Author Topic: My Game Engine is too Lame  (Read 25023 times)

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Offline Aardwolf

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Re: My Game Engine is too Awesome
Well I'm already using MSVC++ as my IDE... but I'm a cheapskate and I want a more permanent solution than that.

In other news, I learned yet another reason to hate AMD CodeAnalyst:

The symbols it displays aren't saved with the saved session data; it loads them from the executable. I have 15 saved sessions which I just discovered are full of rubbish because it's trying to load the symbols from the current executable, instead of having saved what they were when it initially recorded the data.

 

Offline Aardwolf

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Re: My Game Engine is too Awesome
I got ragdoll physics working, sort of! :D So far it's all just simple ball-and-socket joints, with no limitations on how far they can rotate. For what it's supposed to be doing it looks passable; occasionally the bones separate far enough for it to look bad, but I think that's something I can worry about later.

For now, it seems as if I'm going to have to redo the multisphere-multisphere collision detection, because that's where it's taking too long currently. I reckon it shouldn't be hard to do better than 512x(between 3 and 8 vector operations, and 1 to 2 array lookups), right? Because that's what my current solution is. After a little over a month of trying to come up with an analytical solution, I came up with this numerical solution in a single day, and got it mostly working. But it's no longer fast enough for my needs :(

So now I'm trying to come up with a better way to detect whether two multispheres are intersecting, and if they are, to pick a normal vector and center point for the collision. Recall, when I say "multisphere" here I mean "the minimum convex shape which encloses a collection of spheres, not necessarily of equal size", i.e. a bunch of balls in shrink-wrap.

Apparently one fairly common technique is to see if you can prove that they aren't intersecting... i.e. if there exists some plane such that one object is completely on one side of the plane, and the other object is completely on the other side, then they are non-intersecting. And there are ways to come up with a finite set of planes to test, so that if none of the planes in this finite set divide the objects, then no such planes exist. This is what I'm working on now.

There's also something called the Separating Axis Theorem which is a more specific formulation of this, which might be able to get me a normal vector and center point as well.

 

Offline z64555

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Re: My Game Engine is too Awesome
Throwing neural nets at my program and hoping it makes it work. So far nothing.

Alright dude, what's going on?
I'm on Facebook! sort of. Zeesixtyfour Fivefiftyfive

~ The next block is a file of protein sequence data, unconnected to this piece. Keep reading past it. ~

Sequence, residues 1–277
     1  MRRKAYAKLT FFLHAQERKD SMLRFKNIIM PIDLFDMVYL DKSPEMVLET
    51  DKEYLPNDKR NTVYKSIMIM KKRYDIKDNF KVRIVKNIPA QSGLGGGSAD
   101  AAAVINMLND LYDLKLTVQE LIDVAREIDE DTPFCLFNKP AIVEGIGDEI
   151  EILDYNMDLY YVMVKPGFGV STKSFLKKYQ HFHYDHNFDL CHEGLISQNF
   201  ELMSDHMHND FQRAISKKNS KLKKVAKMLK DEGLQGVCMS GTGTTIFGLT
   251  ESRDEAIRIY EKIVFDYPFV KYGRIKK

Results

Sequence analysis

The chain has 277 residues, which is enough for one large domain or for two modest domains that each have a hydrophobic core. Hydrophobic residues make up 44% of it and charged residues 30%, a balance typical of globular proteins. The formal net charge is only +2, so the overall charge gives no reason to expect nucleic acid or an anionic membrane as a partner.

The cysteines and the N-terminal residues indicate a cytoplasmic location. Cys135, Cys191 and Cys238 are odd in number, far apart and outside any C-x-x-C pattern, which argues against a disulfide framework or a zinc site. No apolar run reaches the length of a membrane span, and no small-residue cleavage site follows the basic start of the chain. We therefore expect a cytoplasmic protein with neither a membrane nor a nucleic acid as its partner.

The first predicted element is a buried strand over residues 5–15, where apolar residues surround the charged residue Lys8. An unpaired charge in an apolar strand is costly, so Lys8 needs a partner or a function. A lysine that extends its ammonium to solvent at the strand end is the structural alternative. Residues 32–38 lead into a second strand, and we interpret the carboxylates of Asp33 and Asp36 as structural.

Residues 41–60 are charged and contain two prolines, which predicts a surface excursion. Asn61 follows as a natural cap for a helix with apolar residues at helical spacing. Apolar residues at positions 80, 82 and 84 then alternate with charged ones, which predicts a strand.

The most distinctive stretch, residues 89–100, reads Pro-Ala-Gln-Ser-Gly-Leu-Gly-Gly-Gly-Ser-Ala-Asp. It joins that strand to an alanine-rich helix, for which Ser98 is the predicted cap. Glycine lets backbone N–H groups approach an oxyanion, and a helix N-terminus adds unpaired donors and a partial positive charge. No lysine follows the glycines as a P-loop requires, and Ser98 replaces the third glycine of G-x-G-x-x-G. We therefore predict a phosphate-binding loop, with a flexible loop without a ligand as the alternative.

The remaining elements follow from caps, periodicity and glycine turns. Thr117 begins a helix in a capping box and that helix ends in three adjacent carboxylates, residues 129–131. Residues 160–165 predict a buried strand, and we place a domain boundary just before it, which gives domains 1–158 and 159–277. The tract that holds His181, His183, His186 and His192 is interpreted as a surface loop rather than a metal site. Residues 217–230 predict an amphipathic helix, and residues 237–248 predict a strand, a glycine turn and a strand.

-=wxFRED2=-
R.I.P. Oliver
------------
EveningTea: Time to go Freeman on this cultist..
* EveningTea pulls crowbar off his shoulderstrap and charges screaming incoherently across the marsh *
------------
z64555: bro. do you even salad
------------
z64555: suprise double quaternion!

 

Offline Aardwolf

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Re: My Game Engine is too Awesome
Throwing neural nets at my program and hoping it makes it work. So far nothing.

Alright dude, what's going on?

Haha, I was just about to post in here :D



What's been going on since my last post:

The big task for a while now has been getting the character animation and the physics to play nicely together.

I've created a JointConstraint class which does a fairly good job of keeping the same point in two objects together, and can also apply torques to keep them oriented a certain way relative to one another. And I recently added limits on how far it can rotate on each axis. My Doods are held together by these.

So what I've been working on recently is telling the joints what orientations to be in in order to achieve certain tasks... tasks like walking, turning in place, or just not falling over. This is where I'm stuck. If the Dood starts out in its rest pose it will stay upright, but if I try to make him do anything, he falls over.



Here's where neural nets come in:

I was hoping I could train a neural net to operate the leg joints for me. The inputs would be the states of each bone/joint in some form, and the outputs would be the orientations for each joint ... or changes in orientation, or whatever. If I get this working, it would be my first successful attempt to use neural nets.

I've made a NeuralNet struct which basically just stores a matrix. I multiply by the inputs to get the outputs, and then do something like f(x) = x / sqrt(1 + x*x) to keep the range between -1 and 1.  Right now I'm using genetic algorithms to make it "learn", but it's not working very well... if it keeps failing, maybe I will get off my butt and look up how to do back-propagation on the Internets.